MODESTO SP. 2006. The cranial skeleton of the Early Permian aquatic reptile Mesosaurus tenuidens: implications for relationships and palaeobiology. Zoo J Linn Soc 146: 345-368.         [ Links ]

MOLES AT, ACKERLY DD, WEBB OC, TWEDDLE JC, DICKIE JB AND WESTOBY M. 2005. A brief history of seed size. Science 307: 576-580.         [ Links ]

OLIVEIRA MECB AND PONTES CES. 1976. Algumas observações sobre cordaitófitas da Formação Rio Bonito. Grupo Tubarão Bacia do Paraná Brasil. In: CONGRESSO GEOLÓGICO CHILENO, 1. Actas, Santiago do Chile 3: L22-L81.         [ Links ]

PAIM PSG, PICOLLI AEM, SATURI JAD, MUNARO P, HOLZ M AND GRANITOFF W. 1983. In: SIMPÓSIO SUL-BRASILEIRO DE GEOLOGIA, 1. ATAS, Porto Alegre, p. 142-159.         [ Links ]

REMY W. 1975. The floral changes at the Carboniferous-Perminan boundary in Europe and North America. In: BARLOW JA (Ed), The Age of the Dunkard, Morgantown: West Virginia Geological and Economic Survey, p. 305-355.         [ Links ]

RICHTER M. 2000. Peixes fósseis do Rio Grande do Sul. In: HOLZ M and DE ROS LF (Eds), Paleontologia do Rio Grande do Sul, Porto Alegre: CIGO/UFRGS, p. 162-175.         [ Links ]

SCOTT A AND COLLINSON M. 1983. Investigating on fossil plant beds, part 1: the origin of fossil plants and their sediments. Geology Teaching 7(4): 114-122.         [ Links ]

SOUZA JM AND IANNUZZI R. 2007. The genus Cordaicarpus Geinitz in the Lower Permian of the Paraná Basin, Rio Grande do Sul, Brazil. Rev Bras Paleontol 2: 95-106.         [ Links ]

SOUZA JM AND IANNUZZI R. 2009. Sementes do gênero Samarapsis Goeppert no Permiano Inferior da Bacia do Paraná, Sul do Brasil. Rev Bras Paleontol 12(1): 5 - 16.         [ Links ]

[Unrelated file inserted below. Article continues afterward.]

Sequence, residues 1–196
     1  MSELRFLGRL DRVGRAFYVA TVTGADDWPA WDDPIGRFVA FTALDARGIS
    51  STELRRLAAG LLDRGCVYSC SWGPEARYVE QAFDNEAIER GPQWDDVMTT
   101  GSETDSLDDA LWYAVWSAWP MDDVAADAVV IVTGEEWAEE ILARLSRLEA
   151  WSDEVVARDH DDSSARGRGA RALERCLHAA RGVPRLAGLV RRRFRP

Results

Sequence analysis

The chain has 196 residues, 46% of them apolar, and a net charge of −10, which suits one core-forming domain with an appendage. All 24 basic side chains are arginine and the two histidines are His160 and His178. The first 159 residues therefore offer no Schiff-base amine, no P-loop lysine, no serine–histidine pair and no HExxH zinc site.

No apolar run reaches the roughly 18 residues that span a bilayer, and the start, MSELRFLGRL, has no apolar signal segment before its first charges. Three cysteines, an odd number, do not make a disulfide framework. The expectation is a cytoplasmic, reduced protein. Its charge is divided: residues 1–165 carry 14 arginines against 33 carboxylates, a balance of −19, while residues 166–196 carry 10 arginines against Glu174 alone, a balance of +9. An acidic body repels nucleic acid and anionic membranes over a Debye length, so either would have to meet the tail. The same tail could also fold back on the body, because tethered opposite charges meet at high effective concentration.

SPICER RA. 1991. Plant taphonomic processes. In: ALLISON PA AND BRIGSS DE (Eds), Taphonomy: releasing the data locked in the fossil record. Topics in Geobiology, v.9. New York: Plenum Press, p. 71-113.         [ Links ]

TAYLOR TN AND TAYLOR EL. 1993. The Biology and Evolution of Fossil Plants. 1st ed., Nova Jersey, Prentice Hall, 982 p.         [ Links ]

TIFFNEY BH. 1984. Seed size, dispersal syndromes and the rise of the angiosperms: evidence and hypothesis. Ann Mo Bot Gard 71: 551-576.         [ Links ]

TIFFNEY BH. 1986. Evolution of seed dispersal syndromes according to the fossil record. In: MURRAY DR (Ed), Seed dispersal. San Diego: Academic Press, 322 p.         [ Links ]

TIFFNEY BH. 2004. Vertebrale dispersal of seed plants through time. Annu Rev Ecol Evol Syst 35: 1-29.         [ Links ]

VAN DER PJIL L. 1969. Principles of dispersal in Higher plants. Springer-Verlag, New York, 153 p.         [ Links ]

WANG BC AND SMITH TB. 2002. Closing the seed dispersal loop. Trends Ecol Evol 17(8): 379-385.         [ Links ]

WILLSON MF AND TRAVESET A. 2000. The ecology of seed dispersal. In: FENNER M (Ed), Seeds: the ecology of regeneration in plant communities. 2nd ed., p. 85-110.         [ Links ]

 

 

Correspondence to:
Juliane Marques de Souza
E-mail: juliane.marques.souza@gmail.com

Manuscript received on March 17, 2010
Accepted for publication on November 14, 2010.